Technically, Codable is format-agnostic. You can use it with JSON out-of-the-box, but you can also serialize/unserialize your own data formats, including URL-encoding and even XML.

Working with HTTP Headers

Last but not least: HTTP headers! What are they and what do you use them for?

A HTTP header is a bit of text that’s sent as part of an HTTP request. You use it to provide metadata about the request (or response), such as the response type, encoding, length, date/time, and more.

Here’s an example:

Content-Type: application/json

A header consists of a string key and value, separated by a colon: . Kind of like a dictionary in Swift!

The above header tells the recipient of the HTTP request that the content type for this request is JSON; its body consists of a JSON string. The responding webserver can use this information to parse the HTTP body effectively, because it doesn’t have to assume or work out on its own what the formatting is.

Headers are more or less standardized. You’ll find common headers like Content-Type, Content-Length, Accept, User-Agent in apps and web browsers. Custom headers usually start with X- or another prefix belong to specialized applications and platforms, such as Amazon (amz-) or Cloudflare (CF-).

HTTP headers also play an important role in authentication and authorization. For example, if you’ve logged into the Twitter iOS app, requests made by the app contain some metadata that authorizes you as the user of the app. That’s how Twitter knows that it should post a new tweet to your timeline.

Alamofire will automatically attach certain headers to requests. You can also add your own headers to the HTTP request. Here’s an example:

let headers: HTTPHeaders = [
“Authorization”: “Basic am9obmRvZTphYmNkMTIzNA==”

AF.request(“”, headers: headers).responseJSON { response in

In the above code we’ve added a headers object to the headers parameter of the request() function – completely what you’d expect from Alamofire right now. Let’s deconstruct that for a bit!

First off, the header we’re sending is this:

“Authorization: Basic am9obmRvZTphYmNkMTIzNA==”

This Authorization header consists of a keyword, like Basic, and a base64-encoded string. This string is johndoe:abcd1234, which is the username and password we’re using to authenticate ourselves with the webserver.

HTTPBin will check if the username and password match what we’ve provided in the URL query string, which is a great way to test and debug if your app is authorizing itself OK.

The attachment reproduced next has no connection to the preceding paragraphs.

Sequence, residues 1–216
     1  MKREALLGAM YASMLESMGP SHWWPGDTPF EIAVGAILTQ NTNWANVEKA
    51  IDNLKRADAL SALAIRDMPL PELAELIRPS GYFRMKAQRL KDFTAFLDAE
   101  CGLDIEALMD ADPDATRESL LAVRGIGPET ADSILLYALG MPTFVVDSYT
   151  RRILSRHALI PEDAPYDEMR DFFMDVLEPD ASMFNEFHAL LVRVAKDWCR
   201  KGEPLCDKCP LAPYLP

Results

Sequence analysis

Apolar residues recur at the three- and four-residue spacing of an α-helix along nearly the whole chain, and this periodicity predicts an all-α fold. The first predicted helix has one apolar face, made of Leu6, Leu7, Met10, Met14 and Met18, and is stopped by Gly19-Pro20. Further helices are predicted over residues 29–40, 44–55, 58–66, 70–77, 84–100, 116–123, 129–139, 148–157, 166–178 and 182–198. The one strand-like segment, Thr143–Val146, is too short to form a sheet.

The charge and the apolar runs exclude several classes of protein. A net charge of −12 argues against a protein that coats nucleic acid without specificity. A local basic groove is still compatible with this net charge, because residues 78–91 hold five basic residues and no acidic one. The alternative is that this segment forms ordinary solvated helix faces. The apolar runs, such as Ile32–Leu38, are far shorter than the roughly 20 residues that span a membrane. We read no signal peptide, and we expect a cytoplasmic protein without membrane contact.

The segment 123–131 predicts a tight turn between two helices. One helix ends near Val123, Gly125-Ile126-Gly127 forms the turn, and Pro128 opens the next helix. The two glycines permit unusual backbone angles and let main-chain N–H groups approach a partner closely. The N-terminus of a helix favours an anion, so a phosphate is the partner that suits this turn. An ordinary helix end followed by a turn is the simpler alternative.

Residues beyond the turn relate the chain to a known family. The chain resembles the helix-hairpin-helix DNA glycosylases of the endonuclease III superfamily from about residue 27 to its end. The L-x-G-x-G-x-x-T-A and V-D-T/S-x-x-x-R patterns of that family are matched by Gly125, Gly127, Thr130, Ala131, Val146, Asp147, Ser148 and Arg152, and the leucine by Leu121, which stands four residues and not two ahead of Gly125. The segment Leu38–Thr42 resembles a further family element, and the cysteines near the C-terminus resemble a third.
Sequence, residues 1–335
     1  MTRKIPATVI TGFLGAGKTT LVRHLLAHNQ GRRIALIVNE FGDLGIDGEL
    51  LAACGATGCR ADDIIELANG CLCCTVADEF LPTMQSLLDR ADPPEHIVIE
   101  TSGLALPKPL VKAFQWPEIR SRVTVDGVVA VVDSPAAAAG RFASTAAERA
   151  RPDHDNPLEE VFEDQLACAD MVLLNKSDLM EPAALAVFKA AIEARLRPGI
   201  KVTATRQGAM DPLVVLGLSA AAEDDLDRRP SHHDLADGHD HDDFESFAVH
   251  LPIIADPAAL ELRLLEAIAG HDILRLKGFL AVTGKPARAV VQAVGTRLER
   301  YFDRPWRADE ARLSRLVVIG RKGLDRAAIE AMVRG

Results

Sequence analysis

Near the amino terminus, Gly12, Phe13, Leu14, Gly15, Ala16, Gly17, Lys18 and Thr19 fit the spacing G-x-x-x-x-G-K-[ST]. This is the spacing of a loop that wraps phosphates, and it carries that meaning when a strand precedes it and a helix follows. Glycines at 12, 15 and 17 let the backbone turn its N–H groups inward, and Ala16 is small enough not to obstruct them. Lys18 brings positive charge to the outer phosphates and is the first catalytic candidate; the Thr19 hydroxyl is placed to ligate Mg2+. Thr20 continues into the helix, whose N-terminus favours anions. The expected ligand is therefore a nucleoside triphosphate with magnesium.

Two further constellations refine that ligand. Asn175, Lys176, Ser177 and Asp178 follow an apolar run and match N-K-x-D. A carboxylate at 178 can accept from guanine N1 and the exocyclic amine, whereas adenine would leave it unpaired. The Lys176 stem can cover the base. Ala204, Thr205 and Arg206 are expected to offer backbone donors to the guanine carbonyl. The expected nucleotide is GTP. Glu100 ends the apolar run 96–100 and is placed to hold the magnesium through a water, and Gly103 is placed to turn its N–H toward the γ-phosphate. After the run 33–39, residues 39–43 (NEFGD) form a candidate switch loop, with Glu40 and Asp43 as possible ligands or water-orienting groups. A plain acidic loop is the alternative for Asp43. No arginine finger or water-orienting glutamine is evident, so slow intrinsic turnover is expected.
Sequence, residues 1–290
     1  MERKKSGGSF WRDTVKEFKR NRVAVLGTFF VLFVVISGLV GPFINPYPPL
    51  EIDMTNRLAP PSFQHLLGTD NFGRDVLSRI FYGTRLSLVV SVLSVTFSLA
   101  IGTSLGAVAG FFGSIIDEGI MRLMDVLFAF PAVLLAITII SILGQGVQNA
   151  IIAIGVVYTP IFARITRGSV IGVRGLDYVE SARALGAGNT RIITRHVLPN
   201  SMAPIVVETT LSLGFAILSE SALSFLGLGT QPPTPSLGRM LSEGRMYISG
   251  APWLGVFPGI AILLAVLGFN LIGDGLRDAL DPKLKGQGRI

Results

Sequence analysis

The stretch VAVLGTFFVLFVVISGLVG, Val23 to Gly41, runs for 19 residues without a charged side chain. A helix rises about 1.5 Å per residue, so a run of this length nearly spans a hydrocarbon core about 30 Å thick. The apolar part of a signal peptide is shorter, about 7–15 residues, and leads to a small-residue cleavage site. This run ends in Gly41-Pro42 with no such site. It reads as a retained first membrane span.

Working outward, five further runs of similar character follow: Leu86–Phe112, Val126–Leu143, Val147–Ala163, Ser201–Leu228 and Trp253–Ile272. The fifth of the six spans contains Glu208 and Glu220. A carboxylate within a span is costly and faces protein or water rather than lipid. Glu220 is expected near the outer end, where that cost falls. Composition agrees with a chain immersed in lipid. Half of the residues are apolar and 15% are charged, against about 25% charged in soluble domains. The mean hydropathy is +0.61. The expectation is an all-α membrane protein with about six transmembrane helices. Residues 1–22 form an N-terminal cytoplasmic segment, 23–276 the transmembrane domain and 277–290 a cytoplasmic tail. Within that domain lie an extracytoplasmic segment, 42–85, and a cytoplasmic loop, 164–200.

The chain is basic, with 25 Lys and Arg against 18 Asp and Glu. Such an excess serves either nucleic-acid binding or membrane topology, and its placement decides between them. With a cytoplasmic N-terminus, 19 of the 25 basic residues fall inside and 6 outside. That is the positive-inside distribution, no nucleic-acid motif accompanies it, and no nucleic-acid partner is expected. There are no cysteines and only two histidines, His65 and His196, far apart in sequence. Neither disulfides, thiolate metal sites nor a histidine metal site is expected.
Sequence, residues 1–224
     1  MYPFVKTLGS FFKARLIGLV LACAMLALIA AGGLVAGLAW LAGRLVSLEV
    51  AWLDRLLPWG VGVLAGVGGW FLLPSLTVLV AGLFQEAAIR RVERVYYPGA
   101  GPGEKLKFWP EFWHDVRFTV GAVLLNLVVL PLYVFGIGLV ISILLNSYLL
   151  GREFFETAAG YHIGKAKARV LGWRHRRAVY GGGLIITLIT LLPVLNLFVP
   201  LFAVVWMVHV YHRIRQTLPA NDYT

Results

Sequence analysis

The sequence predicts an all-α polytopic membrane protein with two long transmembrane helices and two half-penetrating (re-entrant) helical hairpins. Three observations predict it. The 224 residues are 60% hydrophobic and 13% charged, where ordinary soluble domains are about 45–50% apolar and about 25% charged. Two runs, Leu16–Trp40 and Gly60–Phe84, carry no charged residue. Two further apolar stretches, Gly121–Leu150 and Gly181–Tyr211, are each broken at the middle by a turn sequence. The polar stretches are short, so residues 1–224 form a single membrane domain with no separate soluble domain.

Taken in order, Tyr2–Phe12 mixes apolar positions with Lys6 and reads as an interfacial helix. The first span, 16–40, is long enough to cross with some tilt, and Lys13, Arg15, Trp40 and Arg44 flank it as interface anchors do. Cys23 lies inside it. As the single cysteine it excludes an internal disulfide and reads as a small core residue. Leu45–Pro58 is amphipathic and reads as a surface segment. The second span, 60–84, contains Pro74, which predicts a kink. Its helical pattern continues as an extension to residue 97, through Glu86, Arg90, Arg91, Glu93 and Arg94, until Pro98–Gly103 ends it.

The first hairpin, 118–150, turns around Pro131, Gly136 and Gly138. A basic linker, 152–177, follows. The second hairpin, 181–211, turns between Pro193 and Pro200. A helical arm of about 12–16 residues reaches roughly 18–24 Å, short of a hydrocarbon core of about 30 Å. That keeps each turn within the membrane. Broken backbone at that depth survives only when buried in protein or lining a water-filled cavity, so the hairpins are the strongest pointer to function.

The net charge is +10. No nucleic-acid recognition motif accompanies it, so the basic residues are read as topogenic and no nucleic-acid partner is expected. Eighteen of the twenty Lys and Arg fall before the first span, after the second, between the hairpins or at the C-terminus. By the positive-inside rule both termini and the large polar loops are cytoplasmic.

The type of the headers constant is HTTPHeaders, which belongs to Alamofire, of course. The HTTPHeaders is a struct – and pretty cool – because the struct can be represented by an array of dictionary literal. That’s why we can assign a simple dictionary in the above code! Convenient, right?

The HTTPHeaders type also preserves the order of HTTP headers, which is helpful in a request context. It also contains a bunch of extensions for common HTTP headers, so you can add strongly-typed headers directly in Swift.

Check this out:

let headers: HTTPHeaders = [
.authorization(username: “johndoe”, password: “abcd1234”),

AF.request(, headers: headers).responseJSON {

In the above headers object, we’ve added a bunch of (static) function calls that represent the Authorization and Accept headers. We can rely on Alamofire to do the heavy-lifting for us, and do some magic to add default headers to requests, like .userAgent(_:) and .contentType(_:). Neat!

Further Reading

Pfew! We’ve taken quite the tour around the web with Alamofire. From HTTP GET and POST, to JSON and URL-encoding, to HTTP headers and response completion handlers, we’ve discussed in-depth how you can get started with Alamofire in your own app projects.

Alamofire is one of the best examples of a well thought out 3rd-party library. It gets out of your way, and at the same time, provides APIs for HTTP requests that are convenient and make sense. Even though Alamofire serves the same end goal as URLSession, it’s much more convenient and certainly easier to use.

A few parting notes:

  • Check out the official documentation for Alamofire right here.
  • is a great tool for HTTP APIs, as are the Paw and Charles apps for Mac.
  • Don’t forget to read up on URLSession. It’s the foundation that Alamofire is built upon, so don’t miss out on learning that too.

Aasif Khan

Head of SEO and Author at Appy Pie

App Builder

Leave a Reply

Your email address will not be published. Required fields are marked *

Most Popular Posts